Uncanny valley suggests humans are especially creeped out, or at least uneasy, when a robot really resembles a human. Whether or not robotics professor Masahiro Mori was correct in his hypothesis, TV viewers seem more enthralled than repulsed with robots "made in our image" after the first episode of Humans aired on Sunday. The show has an 8.1 of 10 rating on IMDb and 93% of the audience "liked it" according to Rotten Tomatoes.
In April 2014, Xbox Entertainment Studios announced that it would collaborate with UK broadcaster Channel 4 to co-produce Humans. At the time, Microsoft promised the show would include "exclusive interactive features, aimed at Millennials."
Humans was described as being "set in a parallel present where the latest must-have gadget for any busy family is a 'Synth' - a highly-developed robotic servant eerily similar to its live counterpart. In the hope of transforming the way they live, one strained suburban family purchases a refurbished synth only to discover that sharing life with a machine has far-reaching and chilling consequences."
Despite Microsoft trying to woo potential advertisers and partners, Neowin pointed out that potential partners described Xbox Entertainment Studios as a "disorganized studio that struggles to close deals and lacks a fully fleshed-out business model."
But if you watched and enjoyed Humans, then you can appreciate the series potential even though Microsoft quietly dropped out of producing the show, which was to be chock-full of "engaging interactive features" showing off Xbox platform capabilities. If you didn't catch the first episode, AMC allows people to stream Humans without logging in.
No spoilers, but so far besides straddling the uncanny valley, the show touched on the topic of singularity, when artificial intelligence becomes smarter than humans. Many tech-wise individuals like Elon Musk, Stephen Hawking, Bill Gates and Steve Wozniak have warned against this threat, as super-intelligent AI might mean the end of humans…basically Skynet, yet still AI experts keep going such as by building the "world's angriest robot."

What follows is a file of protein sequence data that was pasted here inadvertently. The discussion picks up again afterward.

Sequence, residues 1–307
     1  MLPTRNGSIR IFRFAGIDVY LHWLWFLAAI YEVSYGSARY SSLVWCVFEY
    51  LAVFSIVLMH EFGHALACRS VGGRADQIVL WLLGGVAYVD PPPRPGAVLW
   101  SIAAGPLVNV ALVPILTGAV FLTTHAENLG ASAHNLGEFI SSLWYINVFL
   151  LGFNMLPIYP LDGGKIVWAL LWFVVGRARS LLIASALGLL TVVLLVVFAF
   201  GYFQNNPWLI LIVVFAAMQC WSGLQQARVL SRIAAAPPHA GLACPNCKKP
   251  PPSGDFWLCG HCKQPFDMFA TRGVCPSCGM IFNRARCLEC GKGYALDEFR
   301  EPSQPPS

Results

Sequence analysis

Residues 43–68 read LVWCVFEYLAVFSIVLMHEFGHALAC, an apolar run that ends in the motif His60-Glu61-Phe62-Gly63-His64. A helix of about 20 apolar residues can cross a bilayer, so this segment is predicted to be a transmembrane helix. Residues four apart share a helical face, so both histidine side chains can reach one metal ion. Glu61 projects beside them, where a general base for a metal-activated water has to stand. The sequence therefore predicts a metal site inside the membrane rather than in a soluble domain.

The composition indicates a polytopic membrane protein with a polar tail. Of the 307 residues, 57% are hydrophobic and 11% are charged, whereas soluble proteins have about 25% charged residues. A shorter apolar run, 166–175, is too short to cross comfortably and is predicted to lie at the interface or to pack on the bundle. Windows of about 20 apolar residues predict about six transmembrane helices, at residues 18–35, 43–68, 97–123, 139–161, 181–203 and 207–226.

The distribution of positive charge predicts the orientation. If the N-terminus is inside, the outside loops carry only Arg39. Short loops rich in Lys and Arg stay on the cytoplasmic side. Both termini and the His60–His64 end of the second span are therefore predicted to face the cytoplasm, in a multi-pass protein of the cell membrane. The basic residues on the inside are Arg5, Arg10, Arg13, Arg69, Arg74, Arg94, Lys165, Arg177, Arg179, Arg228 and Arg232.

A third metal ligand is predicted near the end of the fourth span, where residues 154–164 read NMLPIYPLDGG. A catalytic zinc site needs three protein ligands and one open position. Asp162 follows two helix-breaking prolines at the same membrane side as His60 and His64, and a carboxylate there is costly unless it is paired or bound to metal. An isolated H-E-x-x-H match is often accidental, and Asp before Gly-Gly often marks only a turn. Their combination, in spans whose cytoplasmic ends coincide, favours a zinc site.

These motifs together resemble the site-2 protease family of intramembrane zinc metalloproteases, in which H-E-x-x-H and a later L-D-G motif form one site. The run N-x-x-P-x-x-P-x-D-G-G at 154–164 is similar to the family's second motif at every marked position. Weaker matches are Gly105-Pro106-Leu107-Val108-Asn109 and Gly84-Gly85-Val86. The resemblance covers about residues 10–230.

Xbox Entertainment Studios may have shuttered, but Microsoft has not completely walked away from Humans, as Microsoft advertising explained earlier this year. UK's Channel 4 "created a pseudo brand, Persona Synthetics, and worked with the creative technologists at Microsoft to create a shop front offering consumers the chance to interact with and bid on robotic assistants – called ‘Synths'."
It took 12 weeks to create the futuristic advertising installation in London, but this "new and exciting" ad experience was worth it as "people no longer differentiate from on and offline experiences." Microsoft said its "Digital Trends research indicates that 49% of global consumers are more likely to engage with digital experiences that seamlessly integrate with their physical worlds."
Microsoft's Creative Technologist Frazer Hurrell added:
The ‘Synths' are able to see, track and respond to people's movements as they pass by the installation, which uses animations across two meter high screens that can be controlled by passers-by. The Kinect functionality means the Synths can lock onto an individual and reacts to their interactions, connecting with consumers creatively.
The models beckon passers-by over to interact, waving and pointing to direct the user to the correct position in front of them. Consumers are then invited to ‘bond' with the Synths by raising their hands to connect. They are then able to explore features of the Synth and personalize them by hovering over icons to add skills such as cooking, driving and even personal training.
At any rate, if you haven't seen Humans then you might want to check it out. Microsoft was likely right about the series being a hit even if it missed the mark by thinking "exclusive interactive features" would be needed to make the show a success.